Attack The Block is a film that takes its time getting to know the characters, while still cracking into the plot at a running pace. The main protagonists aren’t just dull thugs, they’re young confused men who actually have a sense of responsibility, so when the craziness kicks off, they almost end up doing the right thing by default. (Helped by some great acting too – John Boyega is going to be a goddamn star.)

The movie shares a mood of creepy efficiency with some of Carpenter’s finest – this could easily take place in the same world as The Thing, with both films grounded in a I-can’t-believe-what-I’m-seeing reality. That reality extends into the action sequences, where things don't always go to plan.

Jack Burton is a tough talking idiot in Big Trouble In Little China who knocks himself out right at the start of the big final battle, the gang in Attack The Block escape the aliens by riding their bikes down steps, trying to do clever things they’ve seen on YouTube and everybody ends up painfully falling on their arses.

This attention to detail, a continued ramping up of tension and focus on real humanity are all shared by Cornish and Carpenter's film, but Attack the Block still has its own unique story and setting, and doesn't slavishly follow Carpenter's rules, bending them enough to produce something new and interesting. That's the way to soak up the influence.

The other film that left me with a definite Carpenter vibe was another film directed by a British filmmaker, but this one came from the other side of the world – The Raid.

The Raid is just as good as everybody keeps telling you it is, and is highly recommended. Its director and star richly deserve any success coming its way, because Gareth Evans and Iko Uwais' successful partnership makes The Raid one of the most exciting action films of the past decade.

It shares the same pace as Attack on Precinct 13, with a short burst of rapidly increasing dread soon exploding into unceasing action, and also uses a minimal score to terrific effect.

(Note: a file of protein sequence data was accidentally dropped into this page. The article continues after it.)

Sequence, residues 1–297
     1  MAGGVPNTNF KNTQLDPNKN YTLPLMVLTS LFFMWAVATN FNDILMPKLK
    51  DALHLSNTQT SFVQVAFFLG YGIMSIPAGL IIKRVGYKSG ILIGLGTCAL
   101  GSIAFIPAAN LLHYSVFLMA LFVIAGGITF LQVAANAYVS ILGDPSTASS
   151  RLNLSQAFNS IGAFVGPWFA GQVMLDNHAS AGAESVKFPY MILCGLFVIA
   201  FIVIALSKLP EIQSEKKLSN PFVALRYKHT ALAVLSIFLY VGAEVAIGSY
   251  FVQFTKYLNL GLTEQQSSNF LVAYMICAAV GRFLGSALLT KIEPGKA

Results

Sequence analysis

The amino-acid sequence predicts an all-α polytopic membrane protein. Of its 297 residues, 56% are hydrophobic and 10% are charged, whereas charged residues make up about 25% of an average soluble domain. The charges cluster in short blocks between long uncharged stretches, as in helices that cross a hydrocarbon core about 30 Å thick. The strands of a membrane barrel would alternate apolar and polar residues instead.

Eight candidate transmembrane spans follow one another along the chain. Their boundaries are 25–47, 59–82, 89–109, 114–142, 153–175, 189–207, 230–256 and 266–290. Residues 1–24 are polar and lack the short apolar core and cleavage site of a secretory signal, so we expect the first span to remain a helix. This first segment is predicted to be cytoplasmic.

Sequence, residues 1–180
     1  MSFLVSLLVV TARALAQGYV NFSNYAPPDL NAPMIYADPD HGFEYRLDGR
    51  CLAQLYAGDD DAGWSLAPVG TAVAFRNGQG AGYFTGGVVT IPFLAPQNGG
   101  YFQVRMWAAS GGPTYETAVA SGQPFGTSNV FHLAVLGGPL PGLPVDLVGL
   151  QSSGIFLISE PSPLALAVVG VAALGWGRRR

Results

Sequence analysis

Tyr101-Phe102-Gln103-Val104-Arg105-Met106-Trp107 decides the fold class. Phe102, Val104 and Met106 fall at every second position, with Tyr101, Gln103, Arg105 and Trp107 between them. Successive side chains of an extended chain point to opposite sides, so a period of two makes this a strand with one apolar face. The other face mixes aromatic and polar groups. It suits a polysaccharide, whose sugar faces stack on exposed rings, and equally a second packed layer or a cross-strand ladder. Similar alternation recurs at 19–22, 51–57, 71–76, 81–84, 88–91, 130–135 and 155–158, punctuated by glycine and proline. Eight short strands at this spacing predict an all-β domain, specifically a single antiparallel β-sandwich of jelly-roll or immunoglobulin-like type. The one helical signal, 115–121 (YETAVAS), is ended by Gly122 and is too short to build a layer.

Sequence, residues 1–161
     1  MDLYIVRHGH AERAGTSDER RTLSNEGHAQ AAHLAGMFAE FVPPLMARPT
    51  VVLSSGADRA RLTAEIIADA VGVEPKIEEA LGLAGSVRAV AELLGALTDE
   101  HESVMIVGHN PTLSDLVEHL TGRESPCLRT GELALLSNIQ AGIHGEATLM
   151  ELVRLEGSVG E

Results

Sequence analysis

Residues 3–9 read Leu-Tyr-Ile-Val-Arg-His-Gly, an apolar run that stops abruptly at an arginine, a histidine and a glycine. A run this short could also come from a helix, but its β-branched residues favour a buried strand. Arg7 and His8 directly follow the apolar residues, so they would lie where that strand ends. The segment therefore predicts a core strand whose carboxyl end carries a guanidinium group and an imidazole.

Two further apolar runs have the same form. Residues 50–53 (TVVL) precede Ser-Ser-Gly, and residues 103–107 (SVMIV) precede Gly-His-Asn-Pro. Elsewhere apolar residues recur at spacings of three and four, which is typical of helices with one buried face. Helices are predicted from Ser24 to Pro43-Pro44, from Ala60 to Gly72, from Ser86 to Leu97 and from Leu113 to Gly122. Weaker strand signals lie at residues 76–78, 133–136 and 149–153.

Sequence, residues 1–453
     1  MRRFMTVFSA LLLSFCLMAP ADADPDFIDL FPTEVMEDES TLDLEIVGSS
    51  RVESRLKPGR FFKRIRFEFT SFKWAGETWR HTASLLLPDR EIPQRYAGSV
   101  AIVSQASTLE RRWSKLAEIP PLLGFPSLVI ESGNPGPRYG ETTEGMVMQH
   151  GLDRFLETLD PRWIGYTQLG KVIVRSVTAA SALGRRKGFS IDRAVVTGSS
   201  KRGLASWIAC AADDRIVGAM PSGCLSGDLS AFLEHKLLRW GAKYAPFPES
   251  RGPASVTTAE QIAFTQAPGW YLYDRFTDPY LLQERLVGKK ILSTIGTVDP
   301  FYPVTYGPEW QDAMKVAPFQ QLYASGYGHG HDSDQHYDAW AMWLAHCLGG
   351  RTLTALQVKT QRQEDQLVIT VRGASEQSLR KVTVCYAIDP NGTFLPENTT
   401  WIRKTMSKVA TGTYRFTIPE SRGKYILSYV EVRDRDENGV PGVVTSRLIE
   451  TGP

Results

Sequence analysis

The Raid is very definitely its own film - it has moments of crazy balls-to-the-wall action that are more energetic than anything Carpenter ever dreamed of - but the influence is still fairly obvious, if you go looking for it. There is one bit in particular that is pure Carpenter: a group of police are trapped in an open stairwell, and above them is only darkness, but then the camera pans up – painfully slowly - into the darkness and the gloom gradually reveals a gang of armed gang members, all ready to unleash some fury.

There are a couple of moments like that, when the action slows down, while the tension only racks up, where the film takes its time before the next explosion of violence, and it's just as effective now as it ever was.

Both of these films don’t just rely on the simplicity of a decent score, a mood of malevolent menace, and a story that sings with sheer efficiency, and they don’t just rely on the fact that they both take place in singular confined spaces, filled with characters that you end up liking, no matter how reprehensible they first appear.

But soaking up these kinds of lessons that John Carpenter started teaching more than 20 years ago certainly doesn’t hurt a film, as long as the new generation remember to bring something new to the table.

Because when they do, any disappoint I feel with Carpenter’s most modern efforts doesn’t really matter, when the results are this good.